It’s a daunting prospect, trying to encapsulate in a few hundred words why I am giving my first five star review to The Ferryman. On the pedigree of Jez Butterworth, Sam Mendes and Paddy Considine in his stage debut, it had sold out long before it began its run at the Royal Court, and a transfer to the West End secured. For me and many others, the excitement was justified.
Every audience member is rapt for this three-acter with a running time of 3 hours 15 minutes. The cast is 20-strong and includes live animals and children, all of whom (particularly the humans, even the baby) are extremely impressive. Considine plays Quinn Carney, the patriarch of a farming family in Co Armagh in 1981, at the height of the Irish hunger strikes. The action takes place in the hub of the farmhouse, the kitchen, beautifully and realistically set, with a window to the left out of which you can see the darkness falling and then morning coming again. On the right, a steep staircase reaches up to the higher storey and we meet the different generations of the family as they flit up and down these stairs. It is harvest day; they have the goose to catch and preparations to be made. The family is expecting some cousins; they will feast and drink together later.
We know from the first scene, however, that a man who had disappeared ten years ago has been found dead. We also know that this is not going to end well. In between those two points is part love story, part tragedy and as the scenes unfold before us we encounter a mixture of love, grief and violence as the family members live through an ordeal of a day.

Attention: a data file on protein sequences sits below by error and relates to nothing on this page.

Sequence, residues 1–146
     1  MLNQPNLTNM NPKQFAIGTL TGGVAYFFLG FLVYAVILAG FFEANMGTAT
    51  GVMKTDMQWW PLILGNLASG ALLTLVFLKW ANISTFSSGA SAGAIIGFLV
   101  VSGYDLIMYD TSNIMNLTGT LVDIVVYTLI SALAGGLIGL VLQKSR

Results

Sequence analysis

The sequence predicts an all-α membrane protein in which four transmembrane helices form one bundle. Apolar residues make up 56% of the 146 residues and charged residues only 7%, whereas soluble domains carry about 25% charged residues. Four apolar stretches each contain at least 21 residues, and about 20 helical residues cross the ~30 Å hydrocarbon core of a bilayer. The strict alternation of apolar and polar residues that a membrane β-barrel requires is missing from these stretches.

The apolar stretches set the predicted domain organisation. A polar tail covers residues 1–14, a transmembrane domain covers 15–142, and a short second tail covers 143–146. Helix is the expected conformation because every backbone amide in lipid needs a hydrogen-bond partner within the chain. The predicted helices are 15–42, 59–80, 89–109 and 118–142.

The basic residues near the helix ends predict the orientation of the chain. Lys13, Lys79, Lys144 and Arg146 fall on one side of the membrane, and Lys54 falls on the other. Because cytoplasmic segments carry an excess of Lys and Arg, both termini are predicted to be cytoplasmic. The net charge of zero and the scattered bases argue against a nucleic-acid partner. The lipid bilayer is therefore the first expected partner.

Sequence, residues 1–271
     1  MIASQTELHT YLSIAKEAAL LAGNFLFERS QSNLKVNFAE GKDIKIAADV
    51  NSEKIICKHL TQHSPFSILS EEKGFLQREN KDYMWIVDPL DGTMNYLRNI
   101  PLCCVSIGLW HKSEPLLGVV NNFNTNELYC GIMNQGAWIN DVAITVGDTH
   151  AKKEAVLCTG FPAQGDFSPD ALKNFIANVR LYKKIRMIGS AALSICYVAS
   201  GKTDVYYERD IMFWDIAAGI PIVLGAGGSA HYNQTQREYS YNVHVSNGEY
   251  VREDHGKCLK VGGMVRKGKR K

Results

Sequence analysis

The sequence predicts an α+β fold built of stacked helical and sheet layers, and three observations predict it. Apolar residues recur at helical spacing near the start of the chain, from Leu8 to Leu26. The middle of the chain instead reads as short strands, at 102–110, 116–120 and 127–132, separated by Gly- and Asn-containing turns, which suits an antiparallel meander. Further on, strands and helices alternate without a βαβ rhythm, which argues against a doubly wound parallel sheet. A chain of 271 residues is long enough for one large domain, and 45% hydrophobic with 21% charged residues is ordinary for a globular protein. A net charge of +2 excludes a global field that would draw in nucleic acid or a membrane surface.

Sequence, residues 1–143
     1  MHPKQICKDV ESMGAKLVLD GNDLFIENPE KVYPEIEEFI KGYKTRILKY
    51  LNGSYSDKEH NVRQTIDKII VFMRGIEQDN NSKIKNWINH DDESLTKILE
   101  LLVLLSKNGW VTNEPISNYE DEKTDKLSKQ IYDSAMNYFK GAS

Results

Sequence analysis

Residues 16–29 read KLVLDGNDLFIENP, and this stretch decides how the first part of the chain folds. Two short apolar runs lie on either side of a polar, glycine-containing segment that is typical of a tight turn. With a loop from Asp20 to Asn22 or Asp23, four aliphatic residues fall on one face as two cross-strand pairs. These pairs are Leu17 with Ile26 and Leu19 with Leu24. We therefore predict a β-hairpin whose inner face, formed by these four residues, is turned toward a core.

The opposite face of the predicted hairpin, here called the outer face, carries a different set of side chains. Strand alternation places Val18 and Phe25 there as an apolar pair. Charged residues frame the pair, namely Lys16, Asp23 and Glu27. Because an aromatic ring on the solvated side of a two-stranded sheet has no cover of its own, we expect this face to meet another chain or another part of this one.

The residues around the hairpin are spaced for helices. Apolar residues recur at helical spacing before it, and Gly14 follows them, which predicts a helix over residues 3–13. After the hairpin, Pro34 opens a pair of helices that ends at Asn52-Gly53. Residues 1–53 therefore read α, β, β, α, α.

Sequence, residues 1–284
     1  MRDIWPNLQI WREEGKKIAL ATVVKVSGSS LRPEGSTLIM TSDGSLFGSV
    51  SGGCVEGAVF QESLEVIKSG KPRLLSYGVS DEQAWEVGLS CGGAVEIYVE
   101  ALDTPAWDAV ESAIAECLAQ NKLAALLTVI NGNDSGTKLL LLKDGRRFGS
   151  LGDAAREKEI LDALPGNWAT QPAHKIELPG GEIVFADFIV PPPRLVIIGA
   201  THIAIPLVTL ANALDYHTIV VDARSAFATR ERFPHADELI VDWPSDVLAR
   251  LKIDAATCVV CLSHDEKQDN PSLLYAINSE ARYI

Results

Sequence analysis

Standout performances are everywhere you look but I was particularly drawn to Uncle Pat (played by Des McAleer – be careful as there is also an Aunt Pat), Caitlin Carney (Laura Donnelly) and the young cousin Shane Corcoran (Tom Glynn-Carney). As the family choose to dance together rather than eat their harvest goose, young Shane changes the music and puts on The Undertones, Derry’s own homegrown band. As Teenage Kicks blares out from the transistor radio, we catch a powerful glimpse of Shane’s teenage angst as he skips and shouts to the song. It’s not long before we hear tales of his bravado and of his encounters with Muldoon (Stuart Graham) who has had him scouting for the IRA. It is only one tale of the many that are told by and about the Carney/Corcoran family and we are caught up in these personal stories which mix with the national history. The secrets and stories and magic wrapped up in this period of Irish history end up colliding and changing this family to its very core.
It’s not every day that you get the chance to see a new, important play by Butterworth, directed by Mendes with this five star cast. Rather than do the production justice with my words, I highly recommend that you do your best to get a ticket for The Ferryman in its onward run at the Gielgud.
hattydaze rating: *****/*****
I saw The Ferryman thanks to a press ticket from the Royal Court Theatre. The Ferryman has closed at the Royal Court but is booking now for its transfer to the Gielgud Theatre from 20th June. Ticket information here.